By Najib Mulema

Ms Jane Mpagi, the Director for Gender and Community Development has said there has been tremendous progress in legal and policy reforms to address women issues in Uganda over the years.

While speaking at Gender Identity Week at Makerere University on Monday, Ms Mpagi said that the 1995 Constitution is gender sensitive in that it accords women full and equal dignity of a person with men.

She noted in her presentation about women’s achievements, opportunities and challenges that the current Constitution protects the role of women in society including maternal functions, equal treatment with men as well as granting women and girls a right to affirmative action.

“While the 1962 Republic of Uganda Constitution was largely gender neutral, the 1995 Constitution is gender sensitive, accords women full and equal dignity of the person with men, protects the role of women in society including maternal functions, equal treatment with men and accords women to right to affirmative action,” said Ms Mpagi.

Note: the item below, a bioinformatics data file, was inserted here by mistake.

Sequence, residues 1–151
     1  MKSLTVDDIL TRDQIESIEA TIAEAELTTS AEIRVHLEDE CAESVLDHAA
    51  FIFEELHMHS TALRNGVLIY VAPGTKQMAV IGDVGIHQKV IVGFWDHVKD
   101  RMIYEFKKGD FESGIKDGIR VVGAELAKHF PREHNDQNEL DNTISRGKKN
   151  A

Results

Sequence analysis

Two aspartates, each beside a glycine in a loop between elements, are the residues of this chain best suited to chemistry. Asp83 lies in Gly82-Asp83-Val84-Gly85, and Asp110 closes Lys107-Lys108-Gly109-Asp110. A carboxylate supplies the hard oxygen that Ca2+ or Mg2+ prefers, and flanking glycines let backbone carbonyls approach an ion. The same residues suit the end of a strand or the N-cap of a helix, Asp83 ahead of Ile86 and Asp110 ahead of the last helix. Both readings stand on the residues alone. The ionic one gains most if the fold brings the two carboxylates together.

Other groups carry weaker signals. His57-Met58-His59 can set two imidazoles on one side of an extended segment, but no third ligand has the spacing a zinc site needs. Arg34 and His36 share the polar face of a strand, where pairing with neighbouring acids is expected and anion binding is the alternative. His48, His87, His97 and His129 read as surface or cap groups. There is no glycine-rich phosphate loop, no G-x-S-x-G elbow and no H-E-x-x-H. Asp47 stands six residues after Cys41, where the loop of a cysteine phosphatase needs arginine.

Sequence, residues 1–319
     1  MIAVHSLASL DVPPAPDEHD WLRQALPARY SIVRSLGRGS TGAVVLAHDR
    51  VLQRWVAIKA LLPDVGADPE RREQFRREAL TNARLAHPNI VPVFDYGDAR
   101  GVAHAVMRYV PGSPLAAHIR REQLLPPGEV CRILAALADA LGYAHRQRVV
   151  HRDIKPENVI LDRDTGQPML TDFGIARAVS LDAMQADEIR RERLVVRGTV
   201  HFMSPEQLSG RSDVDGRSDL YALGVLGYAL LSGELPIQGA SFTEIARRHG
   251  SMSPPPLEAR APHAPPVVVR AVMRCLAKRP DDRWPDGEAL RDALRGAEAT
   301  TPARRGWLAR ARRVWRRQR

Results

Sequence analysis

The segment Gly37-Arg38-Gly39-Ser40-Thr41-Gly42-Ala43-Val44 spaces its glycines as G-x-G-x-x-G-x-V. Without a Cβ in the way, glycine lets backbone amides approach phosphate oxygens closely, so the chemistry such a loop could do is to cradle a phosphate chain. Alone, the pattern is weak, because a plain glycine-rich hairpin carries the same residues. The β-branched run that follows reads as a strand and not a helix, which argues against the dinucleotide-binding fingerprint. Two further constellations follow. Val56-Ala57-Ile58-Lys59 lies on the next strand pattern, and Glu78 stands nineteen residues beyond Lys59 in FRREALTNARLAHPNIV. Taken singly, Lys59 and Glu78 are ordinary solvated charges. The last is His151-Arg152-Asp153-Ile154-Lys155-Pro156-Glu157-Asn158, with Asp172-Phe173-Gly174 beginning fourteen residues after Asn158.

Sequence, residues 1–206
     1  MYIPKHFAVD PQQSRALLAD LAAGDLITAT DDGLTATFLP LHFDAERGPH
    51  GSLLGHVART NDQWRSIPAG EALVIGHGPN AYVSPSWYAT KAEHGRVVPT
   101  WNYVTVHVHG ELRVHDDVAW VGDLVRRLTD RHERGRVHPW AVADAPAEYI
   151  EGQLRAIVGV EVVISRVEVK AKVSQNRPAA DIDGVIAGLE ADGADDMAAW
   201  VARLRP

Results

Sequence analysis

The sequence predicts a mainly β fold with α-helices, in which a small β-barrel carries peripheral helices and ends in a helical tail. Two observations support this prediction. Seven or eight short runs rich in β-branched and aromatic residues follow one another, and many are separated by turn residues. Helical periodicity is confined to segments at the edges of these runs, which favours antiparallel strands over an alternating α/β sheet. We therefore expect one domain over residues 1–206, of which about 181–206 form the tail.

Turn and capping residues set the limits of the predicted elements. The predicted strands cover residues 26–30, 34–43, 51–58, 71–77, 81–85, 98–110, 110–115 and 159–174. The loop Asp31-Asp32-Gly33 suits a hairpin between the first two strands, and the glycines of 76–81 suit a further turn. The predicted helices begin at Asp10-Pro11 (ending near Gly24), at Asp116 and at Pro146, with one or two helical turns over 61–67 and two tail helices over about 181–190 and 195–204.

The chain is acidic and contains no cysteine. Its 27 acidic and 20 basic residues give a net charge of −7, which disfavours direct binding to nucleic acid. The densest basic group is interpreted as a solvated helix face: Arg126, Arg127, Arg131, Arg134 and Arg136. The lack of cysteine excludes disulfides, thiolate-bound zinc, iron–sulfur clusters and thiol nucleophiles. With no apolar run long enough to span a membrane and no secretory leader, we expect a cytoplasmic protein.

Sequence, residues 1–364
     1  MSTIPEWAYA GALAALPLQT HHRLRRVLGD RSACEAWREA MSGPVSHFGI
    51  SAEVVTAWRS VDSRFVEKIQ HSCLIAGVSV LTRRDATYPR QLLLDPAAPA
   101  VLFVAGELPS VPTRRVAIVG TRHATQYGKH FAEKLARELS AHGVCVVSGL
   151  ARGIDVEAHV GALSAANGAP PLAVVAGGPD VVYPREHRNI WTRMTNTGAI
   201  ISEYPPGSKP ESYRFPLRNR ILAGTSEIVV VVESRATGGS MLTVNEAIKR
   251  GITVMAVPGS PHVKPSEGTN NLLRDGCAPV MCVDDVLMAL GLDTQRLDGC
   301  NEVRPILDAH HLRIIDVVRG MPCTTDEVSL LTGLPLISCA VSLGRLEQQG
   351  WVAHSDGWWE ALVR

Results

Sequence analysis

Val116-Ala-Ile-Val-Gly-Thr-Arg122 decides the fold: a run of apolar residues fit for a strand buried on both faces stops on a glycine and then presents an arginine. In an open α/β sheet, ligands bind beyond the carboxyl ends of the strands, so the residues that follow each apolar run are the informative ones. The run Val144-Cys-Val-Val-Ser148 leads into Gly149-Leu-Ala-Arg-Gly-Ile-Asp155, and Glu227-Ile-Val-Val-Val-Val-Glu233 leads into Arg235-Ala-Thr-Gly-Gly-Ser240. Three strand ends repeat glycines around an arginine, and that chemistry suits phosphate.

“Major legal reforms in favour of women have been evident since 2000 up to date. These include laws relating to property rights, elimination of violation against women and girls, and elimination of discrimination,” she added.

On the flipside

On the other hand, Ms Mpagi decried the inappropriate and inadequate infrastructure which has hindered women’s progress and development thus arguing government to improve in that field for a major transformation.

Organised by Makerere University School of Women and Gender Studies in partnership with the Embassy of Sweden, the Gender Identity Week is one of the way of commemorating the International Women’s Day.

The week is running from 5th March 2018 to 10 March 2018 under the theme “Transformations for empowerment of rural women and girls: Opportunities and challenges”.

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